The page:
Gaps in health care coverage when moving between provinces
The Personal Health Navigator is available to all Canadian patients. Questions about your doctor, hospital or how to navigate the health care system can be sent to AskPaul@Sunnybrook.ca
The question: I am planning to move to Ontario from British Columbia. I looked at the website for the health branch of the Ontario government and discovered I will have to wait about three months before I am eligible to receive health coverage from Ontario. Why is that? I am a Canadian citizen. Shouldn’t I be entitled to immediate medical benefits in my new home province?
The answer: You are correct – there is a three-month delay before your Ontario health coverage takes effect. But that doesn’t mean you will be without public health insurance. BC will continue to pay your basic medical bills during the transition period.
If you need to visit a hospital emergency department during your first few months in Ontario, you won’t have to pay out of pocket. The hospital will ask you to sign some paperwork, stating that you are now an Ontario resident. In turn, the Ontario Ministry of Health will use this documentation to seek reimbursement for your medical expenses from BC.
A similar arrangement exists between all the provinces and territories. In 1991, the provincial and territorial governments agreed to a common policy to deal with migration within Canada.
When Canadians move from one part of the country to another, they have to wait roughly three months before they can get a health card in their new home province. In the meantime, their former province is largely responsible their medical bills.
This agreement provides for continuity of care. “No matter what province you are in, you are entitled to health insurance,” said Maggie Epp, manager of patient accounts at Sunnybrook Health Sciences Centre. “I have never seen a situation where someone falls between the cracks and isn’t covered anywhere.”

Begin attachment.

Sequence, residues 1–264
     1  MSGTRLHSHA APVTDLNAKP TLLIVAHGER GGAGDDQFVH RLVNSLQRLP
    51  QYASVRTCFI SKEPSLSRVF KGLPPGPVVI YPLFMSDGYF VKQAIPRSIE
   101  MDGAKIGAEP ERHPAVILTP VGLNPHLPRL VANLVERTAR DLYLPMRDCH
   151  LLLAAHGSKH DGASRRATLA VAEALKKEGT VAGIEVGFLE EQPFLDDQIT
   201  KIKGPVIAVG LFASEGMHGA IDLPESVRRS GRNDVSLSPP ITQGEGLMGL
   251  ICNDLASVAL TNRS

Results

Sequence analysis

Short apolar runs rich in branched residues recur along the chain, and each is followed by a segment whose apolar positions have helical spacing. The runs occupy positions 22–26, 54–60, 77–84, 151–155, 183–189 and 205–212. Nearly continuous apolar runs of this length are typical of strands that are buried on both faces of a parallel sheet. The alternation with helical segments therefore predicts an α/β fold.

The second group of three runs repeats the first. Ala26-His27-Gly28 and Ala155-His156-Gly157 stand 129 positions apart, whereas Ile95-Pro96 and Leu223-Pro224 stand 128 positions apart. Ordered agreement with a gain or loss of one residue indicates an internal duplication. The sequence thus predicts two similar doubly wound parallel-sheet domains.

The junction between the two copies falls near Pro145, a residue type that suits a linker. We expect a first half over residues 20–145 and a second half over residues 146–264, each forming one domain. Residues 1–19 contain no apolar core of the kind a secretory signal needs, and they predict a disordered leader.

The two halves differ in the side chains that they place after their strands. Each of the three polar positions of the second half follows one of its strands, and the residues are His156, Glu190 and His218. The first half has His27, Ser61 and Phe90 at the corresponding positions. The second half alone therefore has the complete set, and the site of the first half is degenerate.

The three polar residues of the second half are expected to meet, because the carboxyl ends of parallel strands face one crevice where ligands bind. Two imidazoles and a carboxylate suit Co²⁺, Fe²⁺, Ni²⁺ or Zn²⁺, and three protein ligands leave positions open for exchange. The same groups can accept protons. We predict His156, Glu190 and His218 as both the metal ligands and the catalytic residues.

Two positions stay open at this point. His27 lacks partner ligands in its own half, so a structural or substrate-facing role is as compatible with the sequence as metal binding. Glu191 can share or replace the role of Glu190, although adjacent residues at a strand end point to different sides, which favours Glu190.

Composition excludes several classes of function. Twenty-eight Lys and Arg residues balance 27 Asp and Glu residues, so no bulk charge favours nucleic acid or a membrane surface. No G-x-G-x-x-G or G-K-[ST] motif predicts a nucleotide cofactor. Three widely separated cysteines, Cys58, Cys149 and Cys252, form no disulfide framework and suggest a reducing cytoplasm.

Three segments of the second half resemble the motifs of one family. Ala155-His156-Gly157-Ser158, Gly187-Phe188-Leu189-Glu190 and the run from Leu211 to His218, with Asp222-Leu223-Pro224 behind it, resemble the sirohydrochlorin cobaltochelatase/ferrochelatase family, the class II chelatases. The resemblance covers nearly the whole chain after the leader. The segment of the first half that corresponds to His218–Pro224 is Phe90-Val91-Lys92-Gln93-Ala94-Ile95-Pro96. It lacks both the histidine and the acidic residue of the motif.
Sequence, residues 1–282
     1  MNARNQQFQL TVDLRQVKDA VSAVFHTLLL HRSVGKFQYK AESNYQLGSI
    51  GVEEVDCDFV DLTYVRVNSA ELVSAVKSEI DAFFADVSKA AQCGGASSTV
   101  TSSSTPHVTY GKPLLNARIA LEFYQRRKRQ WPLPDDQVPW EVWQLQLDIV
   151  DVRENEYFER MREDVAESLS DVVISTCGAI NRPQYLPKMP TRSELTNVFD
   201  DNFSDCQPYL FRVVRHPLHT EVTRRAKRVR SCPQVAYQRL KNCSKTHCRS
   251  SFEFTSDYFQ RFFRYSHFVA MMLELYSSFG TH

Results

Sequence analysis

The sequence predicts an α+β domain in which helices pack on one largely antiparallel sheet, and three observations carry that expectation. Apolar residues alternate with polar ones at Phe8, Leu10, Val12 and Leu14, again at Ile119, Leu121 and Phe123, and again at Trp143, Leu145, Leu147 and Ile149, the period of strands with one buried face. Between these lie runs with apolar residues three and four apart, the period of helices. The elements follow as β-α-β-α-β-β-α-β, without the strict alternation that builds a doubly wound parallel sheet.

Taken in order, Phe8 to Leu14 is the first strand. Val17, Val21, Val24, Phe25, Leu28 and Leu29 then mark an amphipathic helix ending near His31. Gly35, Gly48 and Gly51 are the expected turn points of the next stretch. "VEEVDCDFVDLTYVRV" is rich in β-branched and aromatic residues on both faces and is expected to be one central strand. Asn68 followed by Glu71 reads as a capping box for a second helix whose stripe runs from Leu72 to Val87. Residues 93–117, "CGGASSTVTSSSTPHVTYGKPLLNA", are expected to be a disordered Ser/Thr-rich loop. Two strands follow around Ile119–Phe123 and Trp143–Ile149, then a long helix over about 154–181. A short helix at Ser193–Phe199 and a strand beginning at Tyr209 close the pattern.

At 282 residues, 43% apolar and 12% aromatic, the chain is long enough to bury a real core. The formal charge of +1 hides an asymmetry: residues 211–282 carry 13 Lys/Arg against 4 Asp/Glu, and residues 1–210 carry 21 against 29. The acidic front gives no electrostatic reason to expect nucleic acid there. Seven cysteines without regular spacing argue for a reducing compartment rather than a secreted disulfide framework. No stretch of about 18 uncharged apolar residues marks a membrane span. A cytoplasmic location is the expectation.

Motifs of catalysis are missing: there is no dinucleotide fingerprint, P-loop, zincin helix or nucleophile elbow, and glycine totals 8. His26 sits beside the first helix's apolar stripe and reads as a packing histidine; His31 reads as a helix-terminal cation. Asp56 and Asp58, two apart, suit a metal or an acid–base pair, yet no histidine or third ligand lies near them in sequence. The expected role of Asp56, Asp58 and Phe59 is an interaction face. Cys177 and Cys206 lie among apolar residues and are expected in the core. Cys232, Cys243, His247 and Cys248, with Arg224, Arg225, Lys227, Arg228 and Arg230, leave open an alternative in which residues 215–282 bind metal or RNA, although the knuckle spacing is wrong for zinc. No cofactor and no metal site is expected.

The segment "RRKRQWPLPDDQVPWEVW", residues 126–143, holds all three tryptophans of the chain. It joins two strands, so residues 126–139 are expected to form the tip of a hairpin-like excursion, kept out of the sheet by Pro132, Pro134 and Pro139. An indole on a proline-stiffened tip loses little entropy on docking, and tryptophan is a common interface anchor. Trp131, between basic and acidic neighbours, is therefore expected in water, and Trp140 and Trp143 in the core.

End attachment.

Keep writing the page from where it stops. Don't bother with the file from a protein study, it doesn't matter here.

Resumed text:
Even so, it won’t be a seamless move in terms of your coverage. While basic medical care is covered, some of the “extras” may disappear once you’re outward bound. BC won’t pick up the tab for an out-of-province ambulance ride. The BC Ministry of Health website even advises people leaving the province to “buy additional private health insurance to supplement your basic coverage.”
There are a few exceptions to the three-month wait. Among them, most provinces waive this policy for families of Canadian Armed Forces members.
But, you might wonder, why is there a lag for the rest of us? As you asked in your question, why doesn’t your new home province start paying your medical bills immediately?
The truth of the matter is that not all provinces pay for the same list of medical services and health-related benefits. For instance, BC has a fairly comprehensive drug benefit program that covers the cost of cancer medications – regardless of whether the patient gets the drug intravenously in a hospital or pops a pill at home. In contrast, Ontario covers only the cancer drugs administered in a hospital medical clinic.
If a waiting period did not exist, Canadians could theoretically visit another province that offered more generous health benefits when they needed them, and then head back home – which would essentially be a form of “medical tourism.”
The provinces have a vested interest in making sure newcomers plan to stay before they are permitted to make use of the local health services.
But some health policy analysts and media commentators see it differently. For them, the waiting period highlights certain disparities within Canadian health care. “We should be drawing attention to variations in care at every opportunity, and demanding they be fixed,” André Picard, The Globe and Mail’s public health reporter, wrote in a recent column.
So now, let’s get back to your question. You can rest assured that your basic medical coverage will continue without interruption when you move to Ontario. But bear in mind that you will be leaving behind a generous drug benefit plan in BC.
Paul Taylor is Sunnybrook’s Patient Navigation Advisor. His column Personal Health Navigator provides advice and answers questions from patients and their families, relying heavily on medical and health experts. His blog is reprinted on healthydebate.ca with the kind permission of Sunnybrook Health Sciences Centre. Email your questions to AskPaul@sunnybrook.ca